Thefts darken Bowe neighborhood

Residents of an otherwise peaceful Hood River neighborhood are frustrated by the theft of solar lights from their street

“Every day I feel blessed that we are living in this town but I think there is a little bit of an awakening that needs to happen here,” said Gupta Prashant, treasurer of the Bowe Addition Homeowners Association.

He said the subdivision off St. Charles Place appears to have been hit by culprits who are also committing criminal acts in other locations. On Monday, Prashant reinstalled 12 solar lights at the entrance to his neighborhood. He had removed the beacons in late August after several were destroyed within days of being set in place as part of a continuing beautification project.

“They just cost $100 but they added a lot to our community,” he said.

Although Prashant decided to give the lights another try, he said it is troubling that residents now have to be watchful of activity along their streets. He said homeowners are no longer able to just enjoy the landscaped setting around the welcoming sign that was installed last year. The Homeowner’s Association decided to purchase the solar lights because they wanted more illumination along the roadway but didn’t want to pay the high cost of a pole light. In addition, Prashant said the smaller illuminaries are also energy efficient since they didn’t require the use of electricity.

“If these lights can be taken from this place then anything can happen here,” said his wife, Priti.

The Prashants said the issue isn’t really just about missing lights; to them it is about what appears to be an ongoing problem with juvenile behavior throughout the county.

Hood River County Juvenile Department Director Donita Huskey-Wilson said that parents hold the key for stopping their children from becoming involved in negative behavior. She said the best defense is a strong offense — know who the teen is spending time with, where he/she is at and set up perimeters about their activities.

“Parents have the ultimate responsibility for the actions of their child until they are 18, they need to make provisions for their child to be in an activity when they are not available or get a babysitter,” said Huskey-Wilson.

She also said the community can help fight crime by reporting all incidents to the police so that an investigation can be promptly conducted.

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Parkdale third graders sing "12 Disaster Days of Christmas"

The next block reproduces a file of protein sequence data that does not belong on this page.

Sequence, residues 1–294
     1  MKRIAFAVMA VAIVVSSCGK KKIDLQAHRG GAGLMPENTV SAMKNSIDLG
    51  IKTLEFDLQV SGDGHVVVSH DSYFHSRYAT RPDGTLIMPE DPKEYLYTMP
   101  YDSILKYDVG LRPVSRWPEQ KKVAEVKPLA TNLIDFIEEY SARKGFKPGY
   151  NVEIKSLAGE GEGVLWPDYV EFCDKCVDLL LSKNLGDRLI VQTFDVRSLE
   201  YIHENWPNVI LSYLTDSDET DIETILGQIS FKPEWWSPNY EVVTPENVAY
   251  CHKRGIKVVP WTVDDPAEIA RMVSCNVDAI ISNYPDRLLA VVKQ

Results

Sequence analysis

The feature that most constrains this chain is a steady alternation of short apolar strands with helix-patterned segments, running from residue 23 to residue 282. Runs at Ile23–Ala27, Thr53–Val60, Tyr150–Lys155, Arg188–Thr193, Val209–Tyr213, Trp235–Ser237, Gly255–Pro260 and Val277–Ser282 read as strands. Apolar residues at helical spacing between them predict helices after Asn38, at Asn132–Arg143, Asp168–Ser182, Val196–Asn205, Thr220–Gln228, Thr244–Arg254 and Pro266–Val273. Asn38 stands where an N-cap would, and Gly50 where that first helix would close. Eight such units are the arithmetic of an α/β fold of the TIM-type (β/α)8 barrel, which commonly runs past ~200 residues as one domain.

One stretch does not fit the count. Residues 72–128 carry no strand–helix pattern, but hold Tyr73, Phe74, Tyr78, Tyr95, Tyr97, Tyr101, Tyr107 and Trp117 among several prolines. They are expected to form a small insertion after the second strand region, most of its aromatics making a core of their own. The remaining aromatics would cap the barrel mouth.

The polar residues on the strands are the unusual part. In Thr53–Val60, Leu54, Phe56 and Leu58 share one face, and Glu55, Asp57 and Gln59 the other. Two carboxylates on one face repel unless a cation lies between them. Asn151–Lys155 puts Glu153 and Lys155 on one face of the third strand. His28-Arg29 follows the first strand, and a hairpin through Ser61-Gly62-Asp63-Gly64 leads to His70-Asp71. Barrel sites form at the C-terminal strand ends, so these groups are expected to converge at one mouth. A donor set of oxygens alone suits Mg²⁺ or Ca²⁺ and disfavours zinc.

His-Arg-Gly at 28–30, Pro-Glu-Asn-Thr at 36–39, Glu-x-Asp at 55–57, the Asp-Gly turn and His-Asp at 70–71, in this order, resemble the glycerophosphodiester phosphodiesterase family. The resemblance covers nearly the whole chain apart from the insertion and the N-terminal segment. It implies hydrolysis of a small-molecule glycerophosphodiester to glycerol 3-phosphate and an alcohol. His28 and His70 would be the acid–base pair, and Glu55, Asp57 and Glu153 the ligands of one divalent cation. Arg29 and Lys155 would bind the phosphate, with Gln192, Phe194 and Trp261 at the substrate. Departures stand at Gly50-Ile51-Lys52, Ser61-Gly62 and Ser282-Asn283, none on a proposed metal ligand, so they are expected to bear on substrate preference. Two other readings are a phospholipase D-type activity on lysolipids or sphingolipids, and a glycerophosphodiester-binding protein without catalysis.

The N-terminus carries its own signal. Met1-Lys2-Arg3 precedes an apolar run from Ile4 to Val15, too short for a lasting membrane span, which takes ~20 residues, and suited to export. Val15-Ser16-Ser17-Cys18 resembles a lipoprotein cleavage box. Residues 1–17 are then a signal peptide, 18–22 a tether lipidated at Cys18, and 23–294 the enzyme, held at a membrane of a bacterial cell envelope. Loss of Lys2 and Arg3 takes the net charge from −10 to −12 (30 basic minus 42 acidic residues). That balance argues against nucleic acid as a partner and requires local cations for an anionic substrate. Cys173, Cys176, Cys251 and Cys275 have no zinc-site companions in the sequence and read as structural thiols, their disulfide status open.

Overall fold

Welcome to your sing-able Christmas gift list. What follows is an emergency rendition of “12 Days of Christmas” – for outfitting your home or car in case of snow storm, earthquake, flood or other emergency. Read it as a simple list, or sing it to the tune of “12 Days” – you know, as in “ … and a partridge in a pear tree…” Not to make light of it, but the song is a familiar framework for a set of gift ideas that you could consider gathering together, even if the recipient already owns items such as a bunch of coats, tire chains and flashlights. Stores throughout the Gorge are stocked up on all these items. Buying all 12 days might be prohibitive, but here are three ideas for checking any of the dozen off your list (notations follow, 1-12.) The gift items needed to stay warm, dry and safe are also coded to suggest items in your abode (A) in your car (C) or both (B). 12 Gallons of Water (A) 11 Family meals (B) 10 Cans of propane (A) 9 Hygiene bags (B) 8 Packs of batteries (A) 7 Spare coats (B) 6 Bright red flares (C) 5 Cozy blankets (B) 4 Tire chains (C) 3 Flashlights (B) 2 cell phone chargers (B) 1 And a crush-proof first aid kit (B) Price ranges? Here’s a few quotes for days Three, Two, Four and Nine: n A family gift of flashlights (three will run $15-30, Hood River Supply, Tum-A-Lum) n Cell phone chargers (two will run $30-60) n Tire chains (basic set, $30, Les Schwab, returnable if unused for the winter) n Family meals ($100 or so should cover the basics for three or four reasonably well-fed days) n The home kit should be kept in a handy place near an exit, and remember that water needs to be replenished every few months. If you have a solid first aid kit already, switch out the gift idea with “and-a-sto-o-u-t- tub-for it-all …” Otherwise, it’s a case of assembling your home or car kits and making sure all members of the family know what the resources are and how to use them (ie flares and propane). Emergency situations are at worst life-threatening, at best deeply uncomfortable if you and your family are left without power for an extended period, or traveling and find yourself in a situation where you need to wait out a storm, lengthy traffic delay, or other crisis. Notes on the 12 gift ideas: 12 – Gallons of water: that’s one per person in a four-member family to last for three days, the recommended minimum to be prepared for utility outages. 11 – Easy-open packaged goods, energy bars, dried food and nuts are good things to include for nutrition. Think of what your family of four needs for three days to stay fortified and hydrated (see number 12). Can-opener also recommended 10 – If you have a propane camping stove, keep extra fuel handy. 9 – Hygiene bags: put packaged moistened towelettes, toilet paper, and plastic ties in large garbage bags (for personal sanitation) Resource list courtesy of Hood River County Emergency Management, Barbara Ayers, manager/ 541-386-1213. The county also reminds residents to Get a Kit, Make A Plan to connect your family if separated, and Stay Informed. See to opt-in for citizen alerts. Enlarge

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